Although they both can look frail over short putts, Clarke and Mickelson don't have much in common as players. While Mickelson's high-wire act can pay big dividends, Clarke's strength is his unwavering ball-striking, which can unnerve anyone. He beat Woods, 4-and-3, in a 36-hole final at the 2000 WGC-Accenture Match Play. On Saturday at St. George's, he shot 69 despite racking up 34 putts. "I couldn't have hit it any better," he said.
Clarke found his range with the putter Sunday, answering Mickelson's genius with a long eagle putt of his own on the seventh. Sensing that his friend and adversary wouldn't soon back down, Mickelson began to press, which led to trouble. "When I had to try and make some birdies is when I ended up making a few mistakes," Mickelson said.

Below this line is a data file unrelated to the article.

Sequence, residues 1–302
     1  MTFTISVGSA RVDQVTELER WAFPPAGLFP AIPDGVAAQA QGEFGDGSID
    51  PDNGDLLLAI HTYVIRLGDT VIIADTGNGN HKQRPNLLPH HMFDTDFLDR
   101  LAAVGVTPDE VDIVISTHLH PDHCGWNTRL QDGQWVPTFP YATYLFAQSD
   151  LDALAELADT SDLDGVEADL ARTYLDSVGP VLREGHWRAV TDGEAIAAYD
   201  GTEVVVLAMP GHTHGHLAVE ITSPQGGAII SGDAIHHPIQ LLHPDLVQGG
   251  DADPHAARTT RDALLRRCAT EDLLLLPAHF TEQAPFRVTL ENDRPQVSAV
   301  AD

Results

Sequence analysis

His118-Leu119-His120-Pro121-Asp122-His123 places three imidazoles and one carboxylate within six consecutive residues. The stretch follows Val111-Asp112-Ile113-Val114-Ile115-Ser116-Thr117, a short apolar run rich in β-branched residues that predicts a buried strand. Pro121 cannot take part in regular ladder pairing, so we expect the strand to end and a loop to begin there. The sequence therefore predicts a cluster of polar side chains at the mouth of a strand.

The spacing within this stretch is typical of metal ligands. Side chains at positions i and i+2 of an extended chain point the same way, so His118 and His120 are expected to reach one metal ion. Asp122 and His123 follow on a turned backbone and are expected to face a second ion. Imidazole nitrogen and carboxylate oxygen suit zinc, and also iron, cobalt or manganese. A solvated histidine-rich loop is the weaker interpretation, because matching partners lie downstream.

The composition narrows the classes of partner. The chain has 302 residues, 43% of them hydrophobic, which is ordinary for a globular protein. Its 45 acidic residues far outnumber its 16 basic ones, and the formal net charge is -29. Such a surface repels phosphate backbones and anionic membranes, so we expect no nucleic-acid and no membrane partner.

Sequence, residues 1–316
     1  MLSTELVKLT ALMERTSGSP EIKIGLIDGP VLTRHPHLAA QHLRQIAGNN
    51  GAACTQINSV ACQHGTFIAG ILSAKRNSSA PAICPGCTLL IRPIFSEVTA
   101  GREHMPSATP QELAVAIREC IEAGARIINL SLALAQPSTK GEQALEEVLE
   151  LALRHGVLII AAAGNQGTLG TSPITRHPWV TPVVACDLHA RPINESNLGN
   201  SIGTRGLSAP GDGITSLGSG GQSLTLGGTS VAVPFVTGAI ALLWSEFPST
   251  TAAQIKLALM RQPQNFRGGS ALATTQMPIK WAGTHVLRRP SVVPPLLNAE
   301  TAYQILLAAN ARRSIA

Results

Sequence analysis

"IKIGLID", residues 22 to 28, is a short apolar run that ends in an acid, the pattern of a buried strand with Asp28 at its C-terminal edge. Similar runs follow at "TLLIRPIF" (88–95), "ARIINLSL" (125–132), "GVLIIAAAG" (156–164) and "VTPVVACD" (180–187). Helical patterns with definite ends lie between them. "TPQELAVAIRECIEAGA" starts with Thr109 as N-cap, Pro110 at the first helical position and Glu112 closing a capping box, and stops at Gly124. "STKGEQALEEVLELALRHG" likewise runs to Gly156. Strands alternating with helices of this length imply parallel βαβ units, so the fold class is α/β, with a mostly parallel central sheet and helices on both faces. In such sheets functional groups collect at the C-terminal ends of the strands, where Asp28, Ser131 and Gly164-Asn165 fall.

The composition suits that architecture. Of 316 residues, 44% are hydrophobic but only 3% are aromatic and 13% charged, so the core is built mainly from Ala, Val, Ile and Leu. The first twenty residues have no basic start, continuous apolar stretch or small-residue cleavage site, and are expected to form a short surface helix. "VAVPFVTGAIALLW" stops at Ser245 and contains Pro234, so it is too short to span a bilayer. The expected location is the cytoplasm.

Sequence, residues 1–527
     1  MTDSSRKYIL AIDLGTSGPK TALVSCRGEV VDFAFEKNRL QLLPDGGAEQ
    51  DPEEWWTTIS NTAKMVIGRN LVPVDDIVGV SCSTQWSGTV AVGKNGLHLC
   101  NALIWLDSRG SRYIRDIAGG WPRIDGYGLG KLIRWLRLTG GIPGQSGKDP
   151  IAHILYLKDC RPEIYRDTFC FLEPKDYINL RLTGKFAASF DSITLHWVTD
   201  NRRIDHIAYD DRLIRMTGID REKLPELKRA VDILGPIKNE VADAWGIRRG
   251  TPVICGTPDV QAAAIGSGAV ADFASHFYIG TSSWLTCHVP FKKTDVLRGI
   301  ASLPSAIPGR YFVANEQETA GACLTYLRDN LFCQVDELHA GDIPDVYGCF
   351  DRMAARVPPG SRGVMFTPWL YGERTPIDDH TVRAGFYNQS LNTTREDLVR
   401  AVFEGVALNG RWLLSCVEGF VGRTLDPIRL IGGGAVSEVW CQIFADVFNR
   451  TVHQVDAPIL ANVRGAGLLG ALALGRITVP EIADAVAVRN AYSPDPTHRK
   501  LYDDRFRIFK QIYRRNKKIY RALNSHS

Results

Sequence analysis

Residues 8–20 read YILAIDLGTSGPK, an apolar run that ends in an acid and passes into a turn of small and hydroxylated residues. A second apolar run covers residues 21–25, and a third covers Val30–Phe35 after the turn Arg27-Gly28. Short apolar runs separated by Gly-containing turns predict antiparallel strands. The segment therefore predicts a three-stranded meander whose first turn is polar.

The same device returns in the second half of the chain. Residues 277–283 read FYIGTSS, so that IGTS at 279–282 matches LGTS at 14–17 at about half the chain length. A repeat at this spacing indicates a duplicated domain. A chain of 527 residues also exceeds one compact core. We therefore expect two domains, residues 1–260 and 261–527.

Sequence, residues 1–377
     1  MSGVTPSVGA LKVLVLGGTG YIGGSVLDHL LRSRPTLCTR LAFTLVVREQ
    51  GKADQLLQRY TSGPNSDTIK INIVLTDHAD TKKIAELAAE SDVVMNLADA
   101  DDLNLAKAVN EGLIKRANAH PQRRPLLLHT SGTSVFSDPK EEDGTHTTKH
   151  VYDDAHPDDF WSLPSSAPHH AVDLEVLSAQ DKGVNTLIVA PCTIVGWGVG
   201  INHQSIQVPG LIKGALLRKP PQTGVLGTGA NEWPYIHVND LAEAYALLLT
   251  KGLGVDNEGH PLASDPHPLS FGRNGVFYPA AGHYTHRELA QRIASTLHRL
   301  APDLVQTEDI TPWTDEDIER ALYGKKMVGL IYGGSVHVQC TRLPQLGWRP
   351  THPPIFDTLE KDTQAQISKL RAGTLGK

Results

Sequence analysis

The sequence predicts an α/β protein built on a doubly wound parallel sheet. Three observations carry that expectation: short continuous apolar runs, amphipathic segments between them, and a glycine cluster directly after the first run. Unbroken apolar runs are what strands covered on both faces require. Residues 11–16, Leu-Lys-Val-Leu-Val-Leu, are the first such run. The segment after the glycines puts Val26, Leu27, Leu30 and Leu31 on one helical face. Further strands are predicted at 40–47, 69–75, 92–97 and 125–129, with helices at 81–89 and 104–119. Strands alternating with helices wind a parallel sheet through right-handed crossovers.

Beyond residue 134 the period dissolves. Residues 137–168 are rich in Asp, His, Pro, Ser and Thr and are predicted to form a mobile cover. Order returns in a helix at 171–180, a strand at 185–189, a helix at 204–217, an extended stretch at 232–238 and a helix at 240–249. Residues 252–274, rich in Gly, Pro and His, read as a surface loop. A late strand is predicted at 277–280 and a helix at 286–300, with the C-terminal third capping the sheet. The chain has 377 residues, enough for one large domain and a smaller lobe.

Just as he came back to earth after his front-nine 30 in the final round of the 2009 Masters, Mickelson faltered again on the back nine at St. George's. After making birdie on the 10th to get to six under, one back, he missed a par putt from inside three feet on the 11th hole.
"Just a stupid mistake," Mickelson said. "There was nothing to it."
Short putts had bedeviled Mickelson all week, and this miss seemed to derail him. He bogeyed 13, missed a seven-foot birdie try on the par-5 14th, and bogeyed 15 from a fairway pot bunker. Just like that, he'd gone from six to three under, from a shot behind to four behind.
Johnson, who started the day four under, bogeyed No. 3 and No. 6, both par 3s, to fall to two under. Birdies on 7, 10 and 12 got him to five under and back in the game, but he hit his second shot out of bounds to double the par-5 14th, all but ending his chances.